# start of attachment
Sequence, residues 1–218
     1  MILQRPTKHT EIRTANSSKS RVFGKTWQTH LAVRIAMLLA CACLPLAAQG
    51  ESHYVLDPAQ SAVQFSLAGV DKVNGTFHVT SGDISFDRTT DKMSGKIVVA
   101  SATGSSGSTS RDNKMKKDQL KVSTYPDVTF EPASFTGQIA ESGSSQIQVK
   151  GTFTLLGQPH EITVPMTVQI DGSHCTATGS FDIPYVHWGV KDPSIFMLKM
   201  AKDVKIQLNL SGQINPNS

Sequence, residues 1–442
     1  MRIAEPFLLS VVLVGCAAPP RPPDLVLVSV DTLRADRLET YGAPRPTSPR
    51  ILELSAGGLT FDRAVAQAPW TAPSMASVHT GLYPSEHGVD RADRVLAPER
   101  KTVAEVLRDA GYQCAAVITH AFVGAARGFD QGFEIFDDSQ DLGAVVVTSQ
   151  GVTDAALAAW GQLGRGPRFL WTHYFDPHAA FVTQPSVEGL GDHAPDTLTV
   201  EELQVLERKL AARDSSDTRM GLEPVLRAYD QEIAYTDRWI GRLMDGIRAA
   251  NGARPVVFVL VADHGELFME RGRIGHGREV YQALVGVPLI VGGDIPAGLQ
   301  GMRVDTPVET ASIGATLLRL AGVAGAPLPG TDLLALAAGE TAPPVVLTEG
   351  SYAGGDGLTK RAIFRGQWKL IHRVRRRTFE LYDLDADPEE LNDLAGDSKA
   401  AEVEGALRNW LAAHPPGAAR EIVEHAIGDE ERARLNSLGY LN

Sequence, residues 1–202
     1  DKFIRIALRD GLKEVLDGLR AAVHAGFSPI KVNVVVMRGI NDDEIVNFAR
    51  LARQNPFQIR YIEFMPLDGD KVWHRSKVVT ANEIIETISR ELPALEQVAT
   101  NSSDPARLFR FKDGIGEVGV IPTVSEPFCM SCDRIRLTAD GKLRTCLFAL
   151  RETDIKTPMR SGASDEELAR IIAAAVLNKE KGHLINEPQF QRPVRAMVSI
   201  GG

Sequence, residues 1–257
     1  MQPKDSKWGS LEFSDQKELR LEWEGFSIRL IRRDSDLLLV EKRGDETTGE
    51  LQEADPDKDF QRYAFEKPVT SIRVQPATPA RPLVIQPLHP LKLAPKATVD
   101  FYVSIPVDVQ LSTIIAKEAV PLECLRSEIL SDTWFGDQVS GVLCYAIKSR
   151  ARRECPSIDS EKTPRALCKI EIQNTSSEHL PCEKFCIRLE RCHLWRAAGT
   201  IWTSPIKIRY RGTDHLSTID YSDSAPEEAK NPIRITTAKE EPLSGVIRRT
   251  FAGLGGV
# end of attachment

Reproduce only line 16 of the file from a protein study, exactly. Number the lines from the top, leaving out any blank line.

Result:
   401  AEVEGALRNW LAAHPPGAAR EIVEHAIGDE ERARLNSLGY LN